Jewish Day Schools produce people who see light sparkling through cracks in the darkness. They are imbued with the legacy of the Prophets to understand the perplexing present as prelude to a better future, like the mother who writes letters to her very young children to be delivered when they are older. She wrote this on October 8: Israel is at war today. I do not know how it will end and how events will unfold. But it is my hope that when you learn about these days in history class, your teacher will say, “This was the time when Mashiach arrived.”

We envision the day when God’s name will be one throughout the world, and rather than nations competing violently for dominance, peace will reign.  Subjugation by the sword is not the Jewish way. Signs and wonders, thunder and lightning – literal and rhetorical – are impressive, but even God learned that the impacts of those spectacles are short-lived.  To make a bold and indelible impression upon a world that has seen and heard it all, a diverse world that views life from the perspectives of many more than 70 faces, Mashiach will need the grounding and the imagination provided by a Jewish Day School as an educational foundation. A Jewish Day School where educators understand the enormously consequential expectations placed upon their profession and accept the awesome responsibility to be not only skillful in their practice but thoughtful and loving in every interaction.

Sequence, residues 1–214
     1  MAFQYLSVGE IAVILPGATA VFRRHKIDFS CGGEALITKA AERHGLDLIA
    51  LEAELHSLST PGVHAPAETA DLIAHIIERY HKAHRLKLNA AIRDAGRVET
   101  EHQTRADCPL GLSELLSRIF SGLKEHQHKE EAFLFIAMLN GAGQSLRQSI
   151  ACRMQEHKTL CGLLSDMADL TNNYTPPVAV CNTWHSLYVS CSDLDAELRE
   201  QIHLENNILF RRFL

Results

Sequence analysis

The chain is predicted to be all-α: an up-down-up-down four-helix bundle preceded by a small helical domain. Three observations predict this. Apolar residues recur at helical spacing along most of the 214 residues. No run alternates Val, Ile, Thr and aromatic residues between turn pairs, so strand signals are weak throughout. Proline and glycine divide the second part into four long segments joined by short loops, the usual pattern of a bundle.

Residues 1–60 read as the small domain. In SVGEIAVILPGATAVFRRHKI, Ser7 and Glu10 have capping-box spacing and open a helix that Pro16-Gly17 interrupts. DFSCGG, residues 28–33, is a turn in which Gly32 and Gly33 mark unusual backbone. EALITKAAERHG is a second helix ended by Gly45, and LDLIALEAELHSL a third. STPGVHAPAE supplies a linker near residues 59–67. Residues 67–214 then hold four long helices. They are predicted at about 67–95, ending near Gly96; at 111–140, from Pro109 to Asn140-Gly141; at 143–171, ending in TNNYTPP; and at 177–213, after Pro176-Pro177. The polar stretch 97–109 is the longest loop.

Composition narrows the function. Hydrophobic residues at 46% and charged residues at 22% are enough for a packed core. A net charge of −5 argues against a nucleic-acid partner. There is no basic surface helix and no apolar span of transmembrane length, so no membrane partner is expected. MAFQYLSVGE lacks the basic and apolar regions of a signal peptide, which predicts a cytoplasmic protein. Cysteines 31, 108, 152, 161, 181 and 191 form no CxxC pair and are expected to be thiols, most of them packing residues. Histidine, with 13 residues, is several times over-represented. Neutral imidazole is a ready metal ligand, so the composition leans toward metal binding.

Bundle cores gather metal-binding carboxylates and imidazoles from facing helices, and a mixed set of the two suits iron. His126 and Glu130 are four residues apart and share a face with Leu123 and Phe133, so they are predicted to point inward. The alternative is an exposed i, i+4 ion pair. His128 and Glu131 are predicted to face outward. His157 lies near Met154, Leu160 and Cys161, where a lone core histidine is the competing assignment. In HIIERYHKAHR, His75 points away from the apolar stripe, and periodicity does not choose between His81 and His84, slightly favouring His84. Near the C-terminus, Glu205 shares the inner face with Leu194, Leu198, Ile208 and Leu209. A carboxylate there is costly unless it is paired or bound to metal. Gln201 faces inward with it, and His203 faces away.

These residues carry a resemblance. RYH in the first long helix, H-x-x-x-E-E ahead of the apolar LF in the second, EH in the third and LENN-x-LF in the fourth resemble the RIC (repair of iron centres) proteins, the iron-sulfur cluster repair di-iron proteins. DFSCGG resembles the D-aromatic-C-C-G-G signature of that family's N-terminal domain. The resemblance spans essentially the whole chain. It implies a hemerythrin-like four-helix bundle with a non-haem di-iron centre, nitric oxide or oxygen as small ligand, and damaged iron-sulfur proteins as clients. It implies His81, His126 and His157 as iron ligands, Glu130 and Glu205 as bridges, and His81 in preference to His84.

I am not alone in viewing Jewish Day Schools as incubators of redemption. “Reish Lakish said in the name of Rabbi Yehuda Nesia: The world only exists because of the breath, i.e., reciting Torah, of schoolchildren.” (Shabbat 119b) The breath of Jewish Day School children whispering, sharing, and singing Torah in all its dazzling dimensions initiates a Butterfly Effect.  The events that emanate from the breath of living Torah will cascade to produce not a cataclysm, but paradise.

About the Author
Robert Lichtman lives in West Orange, NJ and draws upon his long tenure of professional leadership to teach and write about strategic issues and opportunities impacting the Jewish community, and other things. He writes his own bio in the third person.